Choosing Best File Format (Part 3)

by Jul 5, 2023

Publishing on – Thur June 22

PowerShell supports a wide variety of text file formats, so what’s the best way to save and read data?

In the first two parts of this series we outlined a practical guide to choose the best file format (and appropriate cmdlets) based on the nature of your data.

When you decide to use XML as a data format, you found that the built-in cmdlets Export/Import-CliXml are simple ways to save *your own objects* to XML files and vice versa. But how can you deal with XML data from sources that you did not create yourself? Let’s take a look at cmdlets with noun “Xml”: ConvertTo-Xml. It converts any object(s) into XML format:

PS> Get-Process -Id $pid | ConvertTo-Xml

xml                            Objects
---                            -------
version="1.0" encoding="utf-8" Objects  

The result is XML and makes sense only when you store it in a variable so you can examine the XML object and i.e., output the XML string representation:

PS> $xml = Get-Process -Id $pid | ConvertTo-Xml
PS> $xml.OuterXml
<?xml version="1.0" encoding="utf-8"?><Objects><Object Type="System.Diagnostics.Process"><Property Name="Name"
 Type="System.String">powershell_ise</Property><Property Name="SI" Type="System.Int32">1</Property><Property N
ame="Handles" Type="System.Int32">920</Property><Property Name="VM" Type="System.Int64">5597831168</Property><
Property Name="WS" Type="System.Int64">265707520</Property><Property Name="PM" Type="System.Int64">229797888</
Property><Property Name="NPM" Type="System.Int64">53904</Property><Property Name="Path" Type="System.String">C
:\WINDOWS\system32\WindowsPowerShell\v1.0\PowerShell_ISE.exe</Property><Property Name="Company" Type="System.S
tring">Microsoft Corporation</Property><Property Name="CPU" Type="System.Double">3,984375</Property><Property 
Name="FileVersion" Type="System.String">10.0.19041.1 (WinBuild.160101.0800)</Property><Property Name="Produc... 

Even though there is no Export-Xml, you can easily create your own Export-CliXml that persists objects to file without using the proprietary “CliXml” structure:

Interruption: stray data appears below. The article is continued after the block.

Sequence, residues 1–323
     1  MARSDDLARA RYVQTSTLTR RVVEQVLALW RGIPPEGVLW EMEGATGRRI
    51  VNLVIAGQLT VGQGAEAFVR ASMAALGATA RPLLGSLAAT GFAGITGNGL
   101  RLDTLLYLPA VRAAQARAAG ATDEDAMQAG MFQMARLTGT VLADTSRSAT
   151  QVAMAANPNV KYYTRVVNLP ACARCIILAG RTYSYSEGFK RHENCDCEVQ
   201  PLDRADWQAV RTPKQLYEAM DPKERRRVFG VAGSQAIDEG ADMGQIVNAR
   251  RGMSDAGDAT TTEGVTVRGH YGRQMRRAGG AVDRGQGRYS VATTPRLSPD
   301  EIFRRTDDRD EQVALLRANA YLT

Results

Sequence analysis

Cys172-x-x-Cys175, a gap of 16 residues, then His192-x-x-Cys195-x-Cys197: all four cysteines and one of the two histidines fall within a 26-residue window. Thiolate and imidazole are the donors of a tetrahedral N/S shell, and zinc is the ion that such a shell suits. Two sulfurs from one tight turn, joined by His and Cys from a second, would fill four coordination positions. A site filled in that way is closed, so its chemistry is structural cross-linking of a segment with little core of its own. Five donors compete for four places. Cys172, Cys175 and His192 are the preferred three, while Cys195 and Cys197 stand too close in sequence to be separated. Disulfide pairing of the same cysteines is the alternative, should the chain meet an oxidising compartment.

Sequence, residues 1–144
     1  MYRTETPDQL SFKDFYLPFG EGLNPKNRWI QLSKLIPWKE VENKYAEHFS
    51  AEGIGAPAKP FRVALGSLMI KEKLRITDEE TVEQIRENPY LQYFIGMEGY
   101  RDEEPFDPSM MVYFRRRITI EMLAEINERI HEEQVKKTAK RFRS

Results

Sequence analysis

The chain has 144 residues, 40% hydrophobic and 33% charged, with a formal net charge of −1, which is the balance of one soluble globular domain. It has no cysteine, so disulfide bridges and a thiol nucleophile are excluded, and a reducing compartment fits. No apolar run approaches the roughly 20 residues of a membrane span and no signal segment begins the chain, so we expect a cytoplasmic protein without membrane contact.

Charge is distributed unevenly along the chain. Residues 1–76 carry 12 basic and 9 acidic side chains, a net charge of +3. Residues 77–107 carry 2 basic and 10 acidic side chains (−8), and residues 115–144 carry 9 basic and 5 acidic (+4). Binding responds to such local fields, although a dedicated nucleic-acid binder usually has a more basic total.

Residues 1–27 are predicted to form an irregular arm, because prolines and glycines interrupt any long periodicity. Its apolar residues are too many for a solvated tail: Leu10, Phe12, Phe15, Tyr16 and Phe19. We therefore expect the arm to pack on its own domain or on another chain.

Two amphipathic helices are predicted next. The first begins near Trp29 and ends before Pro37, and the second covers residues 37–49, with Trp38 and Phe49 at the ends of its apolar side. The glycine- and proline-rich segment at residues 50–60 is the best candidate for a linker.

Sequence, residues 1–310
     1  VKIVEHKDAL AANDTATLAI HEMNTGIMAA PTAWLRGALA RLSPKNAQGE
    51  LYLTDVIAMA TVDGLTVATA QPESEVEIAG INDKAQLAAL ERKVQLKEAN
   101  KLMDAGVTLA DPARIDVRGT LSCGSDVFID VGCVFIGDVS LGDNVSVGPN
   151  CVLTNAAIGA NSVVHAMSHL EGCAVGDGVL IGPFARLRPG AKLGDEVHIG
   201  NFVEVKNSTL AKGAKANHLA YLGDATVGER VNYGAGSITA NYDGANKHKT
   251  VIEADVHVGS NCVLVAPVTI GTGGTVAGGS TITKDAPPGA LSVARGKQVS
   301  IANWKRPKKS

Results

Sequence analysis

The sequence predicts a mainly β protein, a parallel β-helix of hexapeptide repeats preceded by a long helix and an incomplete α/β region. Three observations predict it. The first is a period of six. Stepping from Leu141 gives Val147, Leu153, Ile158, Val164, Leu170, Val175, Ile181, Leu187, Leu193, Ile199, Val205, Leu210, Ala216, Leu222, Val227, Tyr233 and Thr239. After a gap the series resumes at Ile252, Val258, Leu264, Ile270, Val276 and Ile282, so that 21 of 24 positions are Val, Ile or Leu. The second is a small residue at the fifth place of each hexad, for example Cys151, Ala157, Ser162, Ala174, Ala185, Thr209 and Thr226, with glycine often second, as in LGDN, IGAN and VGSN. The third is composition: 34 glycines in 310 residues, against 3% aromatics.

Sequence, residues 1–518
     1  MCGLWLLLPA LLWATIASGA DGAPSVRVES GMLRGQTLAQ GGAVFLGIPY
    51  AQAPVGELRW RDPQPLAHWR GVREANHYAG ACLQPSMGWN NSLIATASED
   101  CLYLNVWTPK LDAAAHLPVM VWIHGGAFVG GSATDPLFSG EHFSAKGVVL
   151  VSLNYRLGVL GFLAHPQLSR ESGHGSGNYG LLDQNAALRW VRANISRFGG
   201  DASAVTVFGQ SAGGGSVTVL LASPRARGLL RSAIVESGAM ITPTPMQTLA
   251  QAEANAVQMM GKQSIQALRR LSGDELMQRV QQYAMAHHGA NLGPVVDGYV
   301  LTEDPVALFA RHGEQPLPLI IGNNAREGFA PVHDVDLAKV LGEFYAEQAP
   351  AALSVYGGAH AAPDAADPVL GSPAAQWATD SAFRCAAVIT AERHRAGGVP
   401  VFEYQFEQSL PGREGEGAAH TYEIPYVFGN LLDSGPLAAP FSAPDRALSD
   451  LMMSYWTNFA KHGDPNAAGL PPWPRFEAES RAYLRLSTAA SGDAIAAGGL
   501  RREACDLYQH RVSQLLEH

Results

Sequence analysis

# data to be persisted in XML:
$Data = Get-Process | Select-Object -First 10 # let's take 10 random processes,
                                              # can be any data
# destination path for XML file:
$Path = "$env:temp\result.xml"

# take original data
$Data | 
    # convert each item into an XML object but limit to 2 levels deep
    ConvertTo-Xml -Depth 2 | 
    # pass the string XML representation which is found in property
    # OuterXml
    Select-Object -ExpandProperty OuterXml |
    # save to plain text file with appropriate encoding
    Set-Content -Path $Path -Encoding UTF8 

notepad $Path

To go the opposite route and turn XML back into objects, there is no ConvertFrom-Xml – because this functionality is already built into the type [Xml].

To convert back the sample file from above into objects, here is what you could do (provided you created the file result.xml with the sample code above):

# path to XML file:
$Path = "$env:temp\result.xml"

# read file and convert to XML:
[xml]$xml = Get-Content -Path $Path -Raw -Encoding UTF8 

# dive into the XML object model (which happens to start
# in this case with root properties named "Objects", then
# "Object":
$xml.Objects.Object |
  # next, examine each object found here:
  ForEach-Object {
    # each object describes all serialized properties
    # in the form of an array of objects with properties
    # "Name" (property name), "Type" (used data type), 
    # and "#text" (property value). 
    # One simple way of finding a specific entry
    # in this array is to use .Where{}:
    $Name = $_.Property.Where{$_.Name -eq 'Name'}.'#text'
    $Id = $_.Property.Where{$_.Name -eq 'Id'}.'#text'
    $_.Property | Out-GridView -Title "Process $Name (ID $Id)"

This piece of code reads (any) XML file and translates the XML to objects. You can use this template to read in and process virtually any XML file.

That said, to make use of the data you need to understand its internal structure. In our example, we “serialized” 10 process objects. As turns out, Convert-Xml saves these objects by describing all of its properties. The code above illustrates how you first get to the serialized objects (found in .Objects.Object), then how to read the property information (found in .Property as an array of objects, one per property).


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